Benefits of sharing failure data

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A failure registration system for use by water companies, providing an exceptional database for statistical analysis is described in an article published in Water Asset Management International. Insight into the deterioration process of individual water mains and pipe groups can help to predict when replacement is due.

Ageing drinking water distribution networks are subject to increasing failure rates and leaks. Underground networks cannot be widely inspected and therefore little is known about their condition. Deterioration of the water mains causes supply interruptions, pressure loss and decreasing water quality, which in turn leads to increasing costs over time.

Since monitoring of the mains' conditions is relatively expensive, these techniques are not appropriate for widespread application. Alternatively, maintenance and failure data can be useful sources of information to estimate remaining lifetime or expected failure frequencies. Statistical analysis of registered failure data can reveal patterns in the occurrence of failures. The registered failure data from a number of Dutch water companies were analysed in 2007 showing that, despite the incomplete registration and varying data quality, some trends were evident (e.g. relations between age and the occurrence of failures in asbestos cement pipes).

However, the knowledge which can be derived from the failure occurrences of individual water companies is limited. One method of overcoming this problem is by gathering failure information from a larger network, i.e. sharing failure information between water utilities. The authors, of KWR Watercycle Research Institute, describe the development of U-STORE, a failure registration system designed for use by water companies. By encouraging water companies to log failure data in a uniform and consistent manner, a more accurate statistical analysis of failures can be performed.

The authors describe what commitment to participation means for the water companies: employees must be trained to record data in a uniform and accurate manner. Values of agreed parameters must be recorded using standardised categories. A research study revealed that parameters such as weather, environment (e.g. soil type and presence of trees and/or traffic), network (e.g. pipe material, age and dimensions) and failure (e.g. cause) are all important. For example, a study on the relationship between asbestos cement pipes and a number of aspects of weather has shown that the weather has an effect on the occurrence of failures in asbestos cement pipes older than 40 years of age.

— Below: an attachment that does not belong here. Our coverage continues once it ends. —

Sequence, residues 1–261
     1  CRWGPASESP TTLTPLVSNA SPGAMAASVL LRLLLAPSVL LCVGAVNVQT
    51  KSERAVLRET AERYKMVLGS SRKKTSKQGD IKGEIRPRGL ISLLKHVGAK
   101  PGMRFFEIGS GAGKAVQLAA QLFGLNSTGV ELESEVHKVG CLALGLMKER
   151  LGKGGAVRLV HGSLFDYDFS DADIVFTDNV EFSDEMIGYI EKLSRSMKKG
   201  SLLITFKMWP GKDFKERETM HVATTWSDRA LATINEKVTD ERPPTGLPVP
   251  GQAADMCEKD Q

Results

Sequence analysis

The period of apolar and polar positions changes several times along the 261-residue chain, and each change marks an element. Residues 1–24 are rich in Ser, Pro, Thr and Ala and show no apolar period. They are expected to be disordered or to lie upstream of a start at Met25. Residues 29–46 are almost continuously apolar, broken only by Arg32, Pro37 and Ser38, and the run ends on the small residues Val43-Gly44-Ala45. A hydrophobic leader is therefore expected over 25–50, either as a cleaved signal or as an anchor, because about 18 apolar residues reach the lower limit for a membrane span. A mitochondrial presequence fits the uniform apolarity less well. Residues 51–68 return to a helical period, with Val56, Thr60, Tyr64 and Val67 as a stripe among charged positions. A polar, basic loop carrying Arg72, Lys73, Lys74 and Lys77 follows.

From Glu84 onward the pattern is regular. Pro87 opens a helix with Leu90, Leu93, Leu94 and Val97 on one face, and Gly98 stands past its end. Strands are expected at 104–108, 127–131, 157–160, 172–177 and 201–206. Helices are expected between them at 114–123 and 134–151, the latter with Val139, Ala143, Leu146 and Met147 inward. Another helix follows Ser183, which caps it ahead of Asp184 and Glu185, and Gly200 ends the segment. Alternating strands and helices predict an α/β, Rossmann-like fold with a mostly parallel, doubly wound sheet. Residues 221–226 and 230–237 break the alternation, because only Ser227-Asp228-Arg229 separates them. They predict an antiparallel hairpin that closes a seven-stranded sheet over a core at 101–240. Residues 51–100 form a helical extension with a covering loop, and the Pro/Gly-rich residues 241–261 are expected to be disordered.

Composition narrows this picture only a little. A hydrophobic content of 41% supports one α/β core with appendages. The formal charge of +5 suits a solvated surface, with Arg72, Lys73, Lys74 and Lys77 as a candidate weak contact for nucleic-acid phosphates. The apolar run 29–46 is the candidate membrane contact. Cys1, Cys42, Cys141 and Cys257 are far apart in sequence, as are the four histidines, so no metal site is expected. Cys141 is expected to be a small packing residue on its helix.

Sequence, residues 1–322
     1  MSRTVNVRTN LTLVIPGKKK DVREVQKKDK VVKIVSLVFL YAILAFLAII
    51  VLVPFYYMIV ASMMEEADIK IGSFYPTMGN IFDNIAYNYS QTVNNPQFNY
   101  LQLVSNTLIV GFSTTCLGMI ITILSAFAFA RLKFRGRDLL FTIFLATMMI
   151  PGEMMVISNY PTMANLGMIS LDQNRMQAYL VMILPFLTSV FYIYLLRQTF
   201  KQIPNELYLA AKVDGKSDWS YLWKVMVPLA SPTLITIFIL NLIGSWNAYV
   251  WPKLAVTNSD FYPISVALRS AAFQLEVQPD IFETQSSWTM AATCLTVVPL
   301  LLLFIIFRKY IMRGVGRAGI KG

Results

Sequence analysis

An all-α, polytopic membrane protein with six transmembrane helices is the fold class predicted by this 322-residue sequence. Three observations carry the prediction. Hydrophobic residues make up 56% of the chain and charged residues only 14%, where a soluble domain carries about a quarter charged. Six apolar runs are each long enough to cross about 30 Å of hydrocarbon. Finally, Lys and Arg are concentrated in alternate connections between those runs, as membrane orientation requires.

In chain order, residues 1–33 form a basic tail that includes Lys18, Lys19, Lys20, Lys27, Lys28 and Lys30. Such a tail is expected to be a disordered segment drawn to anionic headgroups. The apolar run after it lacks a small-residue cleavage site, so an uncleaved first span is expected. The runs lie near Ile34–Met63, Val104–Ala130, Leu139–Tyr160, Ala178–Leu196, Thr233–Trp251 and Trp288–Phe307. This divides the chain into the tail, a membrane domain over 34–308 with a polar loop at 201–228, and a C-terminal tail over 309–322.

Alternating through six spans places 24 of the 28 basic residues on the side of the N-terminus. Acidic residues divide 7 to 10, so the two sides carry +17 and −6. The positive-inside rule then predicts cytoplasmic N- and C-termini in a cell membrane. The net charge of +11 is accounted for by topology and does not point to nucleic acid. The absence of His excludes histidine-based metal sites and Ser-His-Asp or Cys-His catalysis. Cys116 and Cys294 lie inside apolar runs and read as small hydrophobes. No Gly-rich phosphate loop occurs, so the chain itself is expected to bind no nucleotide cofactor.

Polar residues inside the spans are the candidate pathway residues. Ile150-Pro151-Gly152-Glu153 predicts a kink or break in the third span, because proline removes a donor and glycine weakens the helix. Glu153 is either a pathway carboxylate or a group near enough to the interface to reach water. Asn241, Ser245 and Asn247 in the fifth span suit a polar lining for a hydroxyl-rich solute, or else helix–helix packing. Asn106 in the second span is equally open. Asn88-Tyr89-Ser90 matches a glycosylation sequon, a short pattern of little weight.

The U-STORE system is more than just a database, however. By encouraging water companies to record data in a uniform way, opportunities for analysis will not be lost. By exchanging data, KWR can analyse a larger database than would be available from a single water company. KWR can then provide water companies with information helping to influence policy and management. The results of the analysis can be a rich source of information for the repair or replacement dilemma if the right parameters are registered. The information will also be used to evaluate and improve the U-STORE system itself.

Using results achieved since seven companies registered with the scheme in January 2009, the authors demonstrate the wealth of information which the companies now have access to. For example, a company may receive information on steel pipe failure despite not having registered any steel pipe failures themselves. The authors conclude by stating that postponement of failure registration simply translates as postponement of access to useful knowledge.

Source: Irene Vloerbergh and Mirjam Blokker, 2010. Sharing failure data to gain insight into network deterioration. Water Asset Management International, 6(2), 9-14.

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